According to Jerry Quinn from MAC Systems, video encoders can take signals from analog cameras, digitize the information and make it available for recording on an NVR. This can cost as little as $200 per channel, per port. Then it is relatively easy over time to add storage systems to increase recording capacity.

“And once the camera input hits the encoder, it is digital, which allows benefits such as remote viewing and e-mailing of the data,” he said.

Pure Digital Solutions

The continued involvement of corporate IT departments in the security arena is helping to drive the move toward pure digital solutions including IP cameras. By speaking the same language as these IT people, Quinn said his company has been able to win projects.

“In one of our bids, we met with an IT guy that had been put in charge of the security function,” he said. “Based on our experience, IT people are likely to pay a premium for standards with which they are comfortable.”

Coleman said there can be other advantages in closely working with the IT department. “When the IT people get involved in security, there is a tendency for them to provide the network infrastructure and servers,” he said. “And the types of servers they use as a standard tend to be above the quality that our industry provides.”

Analog Retains Advantages

Coleman said that while the days of pure analog video systems are numbered, the systems still have some advantages over digital technology. For example, there can be slight delays in real-time video (30 ips) run over a network. Depending upon network design, number of cameras, camera resolution and images per second, those delays could be 700 milliseconds or more. And that could be critical in an application that requires operator interaction.

He said the analog control mechanisms for pan-tilt units are probably still better than what is available in the digital environment. And, overall, analog cameras are still generally superior in low-light situations, although some of the more expensive IP cameras can now match that performance.

Taking the First Steps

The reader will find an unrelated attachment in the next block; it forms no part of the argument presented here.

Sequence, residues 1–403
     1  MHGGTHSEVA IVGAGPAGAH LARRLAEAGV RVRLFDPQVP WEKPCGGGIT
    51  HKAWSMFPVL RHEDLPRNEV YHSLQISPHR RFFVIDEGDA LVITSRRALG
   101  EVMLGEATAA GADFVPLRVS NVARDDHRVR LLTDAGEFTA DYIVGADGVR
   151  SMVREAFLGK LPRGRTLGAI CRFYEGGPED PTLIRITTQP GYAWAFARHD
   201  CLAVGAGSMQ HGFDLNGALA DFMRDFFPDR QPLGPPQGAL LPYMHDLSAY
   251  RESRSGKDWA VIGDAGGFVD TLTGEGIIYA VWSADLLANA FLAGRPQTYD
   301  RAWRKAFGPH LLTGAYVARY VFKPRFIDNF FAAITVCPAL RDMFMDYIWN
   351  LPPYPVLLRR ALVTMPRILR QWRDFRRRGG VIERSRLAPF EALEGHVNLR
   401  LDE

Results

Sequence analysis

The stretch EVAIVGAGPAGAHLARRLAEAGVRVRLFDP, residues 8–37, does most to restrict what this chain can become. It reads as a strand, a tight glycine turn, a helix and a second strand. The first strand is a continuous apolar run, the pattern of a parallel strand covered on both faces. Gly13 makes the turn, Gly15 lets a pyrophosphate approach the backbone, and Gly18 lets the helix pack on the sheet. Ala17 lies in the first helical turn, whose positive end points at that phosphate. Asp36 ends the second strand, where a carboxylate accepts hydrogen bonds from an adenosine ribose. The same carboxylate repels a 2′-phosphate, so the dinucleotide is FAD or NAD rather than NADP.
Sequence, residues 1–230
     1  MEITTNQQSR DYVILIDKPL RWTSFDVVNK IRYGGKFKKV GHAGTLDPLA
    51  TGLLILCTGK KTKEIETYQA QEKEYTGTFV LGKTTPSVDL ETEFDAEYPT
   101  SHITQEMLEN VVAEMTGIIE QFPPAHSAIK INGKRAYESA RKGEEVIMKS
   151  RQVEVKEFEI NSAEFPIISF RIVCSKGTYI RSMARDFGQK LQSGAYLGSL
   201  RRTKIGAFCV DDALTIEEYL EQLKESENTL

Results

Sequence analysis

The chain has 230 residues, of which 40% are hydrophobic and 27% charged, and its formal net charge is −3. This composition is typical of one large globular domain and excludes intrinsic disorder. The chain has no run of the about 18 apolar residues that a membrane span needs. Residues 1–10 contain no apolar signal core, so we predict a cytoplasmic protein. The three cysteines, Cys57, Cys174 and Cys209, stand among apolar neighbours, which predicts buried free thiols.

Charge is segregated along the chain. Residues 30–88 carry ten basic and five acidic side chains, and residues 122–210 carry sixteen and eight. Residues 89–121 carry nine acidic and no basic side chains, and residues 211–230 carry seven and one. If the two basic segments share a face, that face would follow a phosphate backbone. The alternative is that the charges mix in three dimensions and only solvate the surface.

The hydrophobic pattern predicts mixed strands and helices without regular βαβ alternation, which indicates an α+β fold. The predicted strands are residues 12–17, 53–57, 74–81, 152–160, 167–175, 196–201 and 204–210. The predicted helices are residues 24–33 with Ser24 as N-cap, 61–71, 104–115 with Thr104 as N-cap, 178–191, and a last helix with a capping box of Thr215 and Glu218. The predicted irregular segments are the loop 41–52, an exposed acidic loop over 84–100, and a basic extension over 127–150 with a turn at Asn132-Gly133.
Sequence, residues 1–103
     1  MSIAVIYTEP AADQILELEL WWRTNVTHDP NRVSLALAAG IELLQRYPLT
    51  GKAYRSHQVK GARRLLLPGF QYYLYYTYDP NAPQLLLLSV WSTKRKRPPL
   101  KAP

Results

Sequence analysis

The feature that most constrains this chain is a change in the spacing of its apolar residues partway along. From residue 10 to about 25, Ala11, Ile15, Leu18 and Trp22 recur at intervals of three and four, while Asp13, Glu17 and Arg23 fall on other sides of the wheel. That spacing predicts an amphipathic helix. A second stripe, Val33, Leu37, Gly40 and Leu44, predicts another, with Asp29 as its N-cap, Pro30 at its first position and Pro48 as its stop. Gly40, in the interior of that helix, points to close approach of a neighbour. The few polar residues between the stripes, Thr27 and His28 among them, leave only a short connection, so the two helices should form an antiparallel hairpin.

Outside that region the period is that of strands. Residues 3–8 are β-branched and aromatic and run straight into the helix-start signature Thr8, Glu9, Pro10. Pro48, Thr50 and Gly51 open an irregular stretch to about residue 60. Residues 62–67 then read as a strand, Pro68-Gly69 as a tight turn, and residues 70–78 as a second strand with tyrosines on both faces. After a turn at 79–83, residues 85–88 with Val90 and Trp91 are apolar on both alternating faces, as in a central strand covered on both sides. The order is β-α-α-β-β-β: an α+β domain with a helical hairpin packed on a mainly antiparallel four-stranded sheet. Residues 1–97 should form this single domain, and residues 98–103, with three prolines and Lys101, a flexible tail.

So, how can a security practitioner take the first steps toward the pure digital world? Coleman offered some suggestions.

• When installing new analog cameras, consider using Cat 5 or Cat 6 cabling and video baluns instead of coax if the run is less than 300 feet. That way you are investing in a wiring infrastructure that can support IP cameras in the future. Don't put new money into coaxial wiring.

• Consider powering the cameras over the same Cat 5 cable. Products are now available that provide the balun and power supply for multiple cameras in the same package. This will save running separate power cables and should save money.

• If an existing DVR fails, replace it with a hybrid DVR that will support existing analog cameras and a few IP cameras. This will provide an opportunity to try IP cameras with minimum pain and expense.

IP Cameras and NVRs

In most applications IP camera/NVR solutions are more expensive than analog camera/DVR solutions. Like flat-screen televisions, IP cameras are dropping in cost quickly, so price new systems carefully.

Transferring video images using IP protocol forces you to rethink your image resolution and rate requirements. IP cameras can offer the prospect of high-definition images, but you pay a price in higher bandwidth and greater storage capacity. Like always, there is no free lunch. Only ask for what you need.

If the IP camera and NVR route makes sense for your application, be aware that all IP cameras are not compatible. While many IP cameras are now employing MPEG-4 compression, few are interchangeable. Make sure to check out which IP cameras and encoders are supported by the NVR under consideration. Otherwise you may be limited to the products of one manufacturer.

Today about 10 percent of security cameras sold are IP. Most industry experts believe that percentage will eventually increase to 90 percent, arguing only about whether it will take three, five, seven or more years to get there. Most of today's IP cameras employ chips developed for traditional analog standards with additional circuitry added to convert the signal to IP standards. Several major camera manufacturers may currently be developing IP camera chips from the ground up. These new chip sets will change both the features and pricing of future IP cameras and will likely accelerate the migration to IP cameras.

About the author

J. Matthew Ladd is president and chief operating officer of Exton, Pa.-based The Protection Bureau, a leading systems integrator providing electronic security services in the Mid-Atlantic Region. He has more than 30 years of experience in the security industry. The Protection Bureau is a member of SecurityNet, an international network of 22 top independently owned security systems integrators.

About the Author

J. Matthew Ladd | Matthew Ladd

J. Matthew Ladd is the president and chief operating officer of The Protection Bureau, a CSAA Five-Diamond central station and security systems contracting company located in Exton, Pa., and a member of Security-Net, a network of some 19 independent companies located across the country.